In March 2021, Ammerlaan The Green Innovator in Pijnacker started using two PATS-C systems in two of its greenhouses. Monitoring of the insects went so well that systems were also installed in the other two sections in June.
Beneficial and harmful insects can be found among the plants on 6.5 hectares in this commercial nursery specializing in tropical green plants. The damage is often difficult to recognize because the insects can act differently depending on the plant species. Therefore, it may take some time before the presence of an unwanted insect is noticed. Insects should be closely monitored for a properly functioning IPM program. Previously, searching for insects required dozens of sticky traps and light traps that were checked and counted weekly. Crop manager Jan van der Arend compared these counts with the new data from PATS-C.
Prepare for the future now
“Intern Bas Krens, who studied HBO’s horticultural management program for higher education, suggested using PATS-C to monitor insect populations during an internship assignment,” said the cultivation supervisor. “We thought it would be an interesting idea to see if it would work for us. Especially because there is a trend in horticulture to use less artificial crop protection and we need to halve the use of pesticides by 2030. We can’t wait until the last minute. We have to prepare for the future.”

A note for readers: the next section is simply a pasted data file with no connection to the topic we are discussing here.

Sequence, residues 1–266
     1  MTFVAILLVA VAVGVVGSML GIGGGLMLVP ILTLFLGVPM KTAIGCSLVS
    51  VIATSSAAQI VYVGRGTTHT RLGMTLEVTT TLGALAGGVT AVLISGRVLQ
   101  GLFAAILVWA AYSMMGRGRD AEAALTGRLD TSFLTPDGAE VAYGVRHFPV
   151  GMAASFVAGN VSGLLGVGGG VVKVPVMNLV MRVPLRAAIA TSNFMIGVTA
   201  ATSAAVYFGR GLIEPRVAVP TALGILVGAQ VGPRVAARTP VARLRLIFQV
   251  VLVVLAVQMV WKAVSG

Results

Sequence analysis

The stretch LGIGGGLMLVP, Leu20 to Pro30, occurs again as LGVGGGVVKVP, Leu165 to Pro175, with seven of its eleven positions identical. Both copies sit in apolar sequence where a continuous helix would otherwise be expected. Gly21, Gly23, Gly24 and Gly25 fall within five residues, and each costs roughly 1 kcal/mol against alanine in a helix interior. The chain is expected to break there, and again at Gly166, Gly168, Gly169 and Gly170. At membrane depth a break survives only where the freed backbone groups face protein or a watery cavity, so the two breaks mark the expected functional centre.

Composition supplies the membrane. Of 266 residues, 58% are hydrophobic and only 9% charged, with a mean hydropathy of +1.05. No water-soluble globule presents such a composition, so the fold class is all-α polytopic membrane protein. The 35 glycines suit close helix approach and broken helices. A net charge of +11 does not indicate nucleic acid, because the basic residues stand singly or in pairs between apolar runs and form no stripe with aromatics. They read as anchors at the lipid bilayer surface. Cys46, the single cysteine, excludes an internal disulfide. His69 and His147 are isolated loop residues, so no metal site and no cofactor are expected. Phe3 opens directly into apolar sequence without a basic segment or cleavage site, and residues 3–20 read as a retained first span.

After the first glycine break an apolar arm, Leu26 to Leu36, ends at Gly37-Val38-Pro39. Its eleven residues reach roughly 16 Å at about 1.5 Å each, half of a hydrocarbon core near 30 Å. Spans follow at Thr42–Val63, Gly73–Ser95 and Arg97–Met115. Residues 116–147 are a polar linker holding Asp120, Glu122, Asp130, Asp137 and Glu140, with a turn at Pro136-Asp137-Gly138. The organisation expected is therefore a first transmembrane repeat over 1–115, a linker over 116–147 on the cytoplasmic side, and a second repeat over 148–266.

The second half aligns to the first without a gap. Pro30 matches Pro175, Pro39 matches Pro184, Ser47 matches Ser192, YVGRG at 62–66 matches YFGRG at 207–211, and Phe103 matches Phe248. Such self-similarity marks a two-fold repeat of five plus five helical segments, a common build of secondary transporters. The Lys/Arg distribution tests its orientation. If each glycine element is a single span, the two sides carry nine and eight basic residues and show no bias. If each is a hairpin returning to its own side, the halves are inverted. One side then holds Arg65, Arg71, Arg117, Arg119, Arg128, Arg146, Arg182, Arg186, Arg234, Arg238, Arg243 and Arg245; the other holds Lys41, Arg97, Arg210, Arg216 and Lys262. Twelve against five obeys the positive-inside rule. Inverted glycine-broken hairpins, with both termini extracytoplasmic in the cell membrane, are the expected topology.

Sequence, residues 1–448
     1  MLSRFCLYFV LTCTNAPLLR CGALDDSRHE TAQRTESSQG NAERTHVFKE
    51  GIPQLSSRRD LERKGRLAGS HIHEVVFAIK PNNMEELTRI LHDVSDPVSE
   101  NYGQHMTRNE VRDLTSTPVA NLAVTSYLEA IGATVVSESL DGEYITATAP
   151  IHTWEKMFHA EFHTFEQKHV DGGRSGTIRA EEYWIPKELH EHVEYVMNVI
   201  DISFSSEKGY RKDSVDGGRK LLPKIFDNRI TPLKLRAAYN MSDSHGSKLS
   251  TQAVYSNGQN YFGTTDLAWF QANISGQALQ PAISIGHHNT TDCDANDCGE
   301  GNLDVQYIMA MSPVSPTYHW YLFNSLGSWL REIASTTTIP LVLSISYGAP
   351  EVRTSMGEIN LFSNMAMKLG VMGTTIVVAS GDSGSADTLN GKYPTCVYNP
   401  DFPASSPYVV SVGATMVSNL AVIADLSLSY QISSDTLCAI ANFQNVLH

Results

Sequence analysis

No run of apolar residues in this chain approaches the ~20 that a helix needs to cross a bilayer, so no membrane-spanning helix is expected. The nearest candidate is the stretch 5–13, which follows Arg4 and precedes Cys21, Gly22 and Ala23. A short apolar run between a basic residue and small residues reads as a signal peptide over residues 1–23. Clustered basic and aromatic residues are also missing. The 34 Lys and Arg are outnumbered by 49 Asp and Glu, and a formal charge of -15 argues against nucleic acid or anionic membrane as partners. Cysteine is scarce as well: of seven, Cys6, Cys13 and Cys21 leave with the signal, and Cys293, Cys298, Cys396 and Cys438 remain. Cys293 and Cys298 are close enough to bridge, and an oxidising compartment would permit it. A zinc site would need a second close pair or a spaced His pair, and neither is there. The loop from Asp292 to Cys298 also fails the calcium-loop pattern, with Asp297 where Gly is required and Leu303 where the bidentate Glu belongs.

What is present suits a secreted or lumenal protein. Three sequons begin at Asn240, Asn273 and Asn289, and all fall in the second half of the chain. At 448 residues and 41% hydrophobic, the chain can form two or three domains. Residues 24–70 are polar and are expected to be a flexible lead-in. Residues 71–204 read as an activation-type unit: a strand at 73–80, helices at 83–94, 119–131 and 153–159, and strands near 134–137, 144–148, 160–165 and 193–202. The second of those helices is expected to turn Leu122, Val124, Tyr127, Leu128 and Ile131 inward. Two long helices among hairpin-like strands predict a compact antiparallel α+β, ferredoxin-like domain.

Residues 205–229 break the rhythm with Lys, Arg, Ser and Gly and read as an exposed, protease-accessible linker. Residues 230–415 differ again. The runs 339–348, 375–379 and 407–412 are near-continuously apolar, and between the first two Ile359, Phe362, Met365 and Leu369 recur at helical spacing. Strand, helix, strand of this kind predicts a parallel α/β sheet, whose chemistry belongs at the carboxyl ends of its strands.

PATS-C provides insight into the flight movements of various insects and indicates when they will fly. Certain insect species do not fly when the sun comes up. They wait until after sunset or even after midnight when it’s really dark. Van der Arend added: “Our intention is to control the pests primarily through stricter hygiene measures, particularly by scouting out and discarding weaker plants. And while we’ve focused on more organic this year, there will still be a need to occasionally correct with chemical agents. That will involve trial and error.”
Data usage for control plan
The data from PATS-C is checked by several people in the company and the crop protection consultant. “Within the company we use the data in consultation with the growers for the right schedule and corrective action plan to control the pests according to the recommendations we receive. We have decided to install the PATS-C system in all our departments to monitor the entire nursery. We found that it worked and that was reason enough to expand the system in June,” says the cultivation manager.
The further development of the systems by PATS in hardware and software is based on observations from practice, which the plant manager appreciates very much.